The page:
An additional problem was that Senator Lindsey Graham, Chair of the Senate Judiciary Committee, came out quickly and said it was customary for a nominated U.S. Attorney to only move forward toward a confirmation hearing if both Senators from the State involved recommended him. Both New York Senators, Kirsten Gillibrand and Chuck Schumer, said they would not recommend Clayton. Schumer went so far as to tell Clayton to withdraw from the nomination or face “overnight ruin” of his reputation. The full context of Schumer’s statement was this:
“Forty-seven years ago, Elliott Richardson had the courage to say no to a gross abuse of presidential power. Jay Clayton has a similar choice today: He can allow himself to be used in the brazen Trump-Barr scheme to interfere in investigations by the U.S. Attorney for the Southern District of New York, or he can stand up to this corruption, withdraw his name from consideration, and save his own reputation from overnight ruin.”
Thus far, Clayton has not withdrawn his nomination. Schumer may have been a bit naïve in placing the blame completely on Barr and Trump. As it turns out, Clayton told a House Financial Services Committee hearing on June 25 that it was “entirely” his idea to ask for the job as U.S. Attorney for the Southern District of New York – never mind that he did not have one scintilla of experience as a prosecutor.
According to a report at CNN, following the ouster of Berman, 65 law professors and faculty from Barr’s alma mater, George Washington University Law School, sent a letter stating that Barr’s actions “have undermined the rule of law, breached constitutional norms, and damaged the integrity and traditional independence of his office and of the Department of Justice.”
Barr had hoped that Berman’s ouster would look more like a promotion for Berman. Barr noted in a subsequent letter that he had offered Berman other positions in the Trump administration, including heading the Civil Division at Main Justice (the “main” Justice Department in Washington, D.C.). That’s not a particularly attractive offer when it’s looking increasingly like there may be a different administration in seven months. It should also be noted that the “Civil” Division cannot bring criminal cases or have a say in criminal cases.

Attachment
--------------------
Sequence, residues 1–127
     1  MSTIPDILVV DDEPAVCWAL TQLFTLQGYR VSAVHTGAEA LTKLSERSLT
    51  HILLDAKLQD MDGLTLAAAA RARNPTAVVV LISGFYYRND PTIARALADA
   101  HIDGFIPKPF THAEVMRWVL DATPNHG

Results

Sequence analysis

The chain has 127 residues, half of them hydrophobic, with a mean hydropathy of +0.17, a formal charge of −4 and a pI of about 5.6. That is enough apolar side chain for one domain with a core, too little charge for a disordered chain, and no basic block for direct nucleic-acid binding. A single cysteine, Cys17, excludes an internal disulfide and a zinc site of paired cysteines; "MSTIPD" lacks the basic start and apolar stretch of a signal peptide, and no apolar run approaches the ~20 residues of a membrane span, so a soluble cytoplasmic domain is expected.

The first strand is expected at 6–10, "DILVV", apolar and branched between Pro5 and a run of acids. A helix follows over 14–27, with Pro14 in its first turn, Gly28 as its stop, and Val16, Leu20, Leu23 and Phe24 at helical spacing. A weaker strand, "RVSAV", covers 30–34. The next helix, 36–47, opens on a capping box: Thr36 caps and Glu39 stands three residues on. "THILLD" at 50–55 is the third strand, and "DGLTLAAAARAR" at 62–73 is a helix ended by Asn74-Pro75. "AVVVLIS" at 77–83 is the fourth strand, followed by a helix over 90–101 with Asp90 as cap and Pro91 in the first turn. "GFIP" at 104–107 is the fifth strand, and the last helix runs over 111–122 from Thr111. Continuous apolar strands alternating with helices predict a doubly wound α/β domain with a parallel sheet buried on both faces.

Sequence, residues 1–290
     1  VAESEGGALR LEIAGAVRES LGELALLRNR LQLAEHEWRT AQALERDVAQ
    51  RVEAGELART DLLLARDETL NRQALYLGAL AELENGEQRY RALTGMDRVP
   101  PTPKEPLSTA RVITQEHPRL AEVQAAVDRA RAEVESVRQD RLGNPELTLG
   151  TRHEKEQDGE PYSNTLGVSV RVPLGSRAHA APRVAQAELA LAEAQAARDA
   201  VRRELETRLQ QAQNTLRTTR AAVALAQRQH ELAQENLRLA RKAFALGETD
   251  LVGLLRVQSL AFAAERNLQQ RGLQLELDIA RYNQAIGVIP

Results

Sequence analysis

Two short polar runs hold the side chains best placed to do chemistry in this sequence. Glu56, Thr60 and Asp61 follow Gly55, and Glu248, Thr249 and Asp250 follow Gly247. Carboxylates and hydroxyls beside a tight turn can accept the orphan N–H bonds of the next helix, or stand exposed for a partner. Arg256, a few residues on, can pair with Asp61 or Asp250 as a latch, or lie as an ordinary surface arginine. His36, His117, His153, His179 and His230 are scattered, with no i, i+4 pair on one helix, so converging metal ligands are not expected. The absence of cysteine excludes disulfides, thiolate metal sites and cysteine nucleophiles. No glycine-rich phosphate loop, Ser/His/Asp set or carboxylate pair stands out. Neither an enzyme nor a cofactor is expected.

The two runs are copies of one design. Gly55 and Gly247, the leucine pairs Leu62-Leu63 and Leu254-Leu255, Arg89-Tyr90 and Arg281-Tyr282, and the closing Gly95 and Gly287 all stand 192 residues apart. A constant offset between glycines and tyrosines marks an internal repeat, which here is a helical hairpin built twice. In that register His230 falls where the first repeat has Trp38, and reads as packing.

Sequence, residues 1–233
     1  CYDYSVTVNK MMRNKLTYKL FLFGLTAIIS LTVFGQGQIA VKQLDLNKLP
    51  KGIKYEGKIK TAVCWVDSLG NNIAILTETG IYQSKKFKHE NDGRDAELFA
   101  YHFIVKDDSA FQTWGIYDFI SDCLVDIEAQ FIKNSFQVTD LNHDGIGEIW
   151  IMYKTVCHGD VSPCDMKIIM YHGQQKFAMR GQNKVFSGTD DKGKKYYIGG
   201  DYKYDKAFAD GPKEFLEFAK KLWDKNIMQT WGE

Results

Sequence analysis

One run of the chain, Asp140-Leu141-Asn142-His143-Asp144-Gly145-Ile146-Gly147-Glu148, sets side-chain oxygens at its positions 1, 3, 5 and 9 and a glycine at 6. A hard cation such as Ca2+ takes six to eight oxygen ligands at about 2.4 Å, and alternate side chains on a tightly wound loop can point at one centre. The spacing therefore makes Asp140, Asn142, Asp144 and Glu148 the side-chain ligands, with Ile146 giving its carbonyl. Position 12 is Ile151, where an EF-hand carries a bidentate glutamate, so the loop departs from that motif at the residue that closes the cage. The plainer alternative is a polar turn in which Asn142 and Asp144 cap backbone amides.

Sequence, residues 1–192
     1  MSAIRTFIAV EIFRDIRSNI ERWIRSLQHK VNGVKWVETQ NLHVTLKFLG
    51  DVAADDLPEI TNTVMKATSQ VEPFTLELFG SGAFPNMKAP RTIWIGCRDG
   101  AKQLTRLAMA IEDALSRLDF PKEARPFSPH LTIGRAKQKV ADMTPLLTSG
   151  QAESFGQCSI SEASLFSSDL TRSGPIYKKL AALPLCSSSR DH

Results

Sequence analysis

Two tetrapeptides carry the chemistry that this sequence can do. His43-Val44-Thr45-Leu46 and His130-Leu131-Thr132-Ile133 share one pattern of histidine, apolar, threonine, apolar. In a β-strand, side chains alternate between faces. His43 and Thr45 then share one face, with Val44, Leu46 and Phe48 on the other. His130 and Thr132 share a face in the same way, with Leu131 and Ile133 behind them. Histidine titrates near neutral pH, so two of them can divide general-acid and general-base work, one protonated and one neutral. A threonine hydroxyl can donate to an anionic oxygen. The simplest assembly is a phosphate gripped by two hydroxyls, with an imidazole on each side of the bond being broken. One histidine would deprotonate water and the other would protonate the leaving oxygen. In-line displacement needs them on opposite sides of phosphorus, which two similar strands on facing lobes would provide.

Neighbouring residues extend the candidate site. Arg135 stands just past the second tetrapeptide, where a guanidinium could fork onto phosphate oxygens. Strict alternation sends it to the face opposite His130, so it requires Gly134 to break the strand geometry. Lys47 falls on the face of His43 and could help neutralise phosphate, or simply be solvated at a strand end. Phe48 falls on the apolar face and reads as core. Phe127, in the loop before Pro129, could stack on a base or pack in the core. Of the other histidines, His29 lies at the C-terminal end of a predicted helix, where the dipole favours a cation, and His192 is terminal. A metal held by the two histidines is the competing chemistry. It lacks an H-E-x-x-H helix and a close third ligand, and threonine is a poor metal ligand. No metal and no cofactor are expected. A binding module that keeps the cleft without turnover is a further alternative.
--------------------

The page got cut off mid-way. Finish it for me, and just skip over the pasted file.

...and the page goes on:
With that as a backdrop, consider what just happened quietly on the eve of the 4th of July weekend. Barr removed the other top federal prosecutor in New York – this time in the very U.S. Attorney’s office that is prosecuting the 1MDB case against the two Goldman Sachs bankers as well as conducting the ongoing investigation.
The story was spun in the mainstream media by the handful of outlets that bothered to carry the story, that Richard Donoghue, U.S. Attorney for the Eastern District of New York, would be getting a big promotion and becoming the top Deputy to the Deputy Attorney General Jeffrey Rosen. Forgive us for questioning how a Deputy to a Deputy is a big promotion.
Every press release that the Justice Department has released on the 1MDB matter has confirmed the fact that the prosecutions are being handled out of the U.S. Attorney’s office for the Eastern District of New York. On the U.S. Attorney for the Eastern District of New York’s website, it says this about Jacquelyn Kasulis, Chief of their Criminal Division: “Jackie led the Office’s investigation and prosecution of three individuals, including two former Goldman Sachs bankers and a wealthy Malaysian financier for their participation in a multi-billion dollar money laundering and bribery conspiracy related to 1Malaysia Development Berhad (l MDB), Malaysia’s investment development fund.”
Kasulis has been with that U.S. Attorney’s office since 2008. We have to wonder whether Barr will be offering her a move to Washington, D.C. any day now.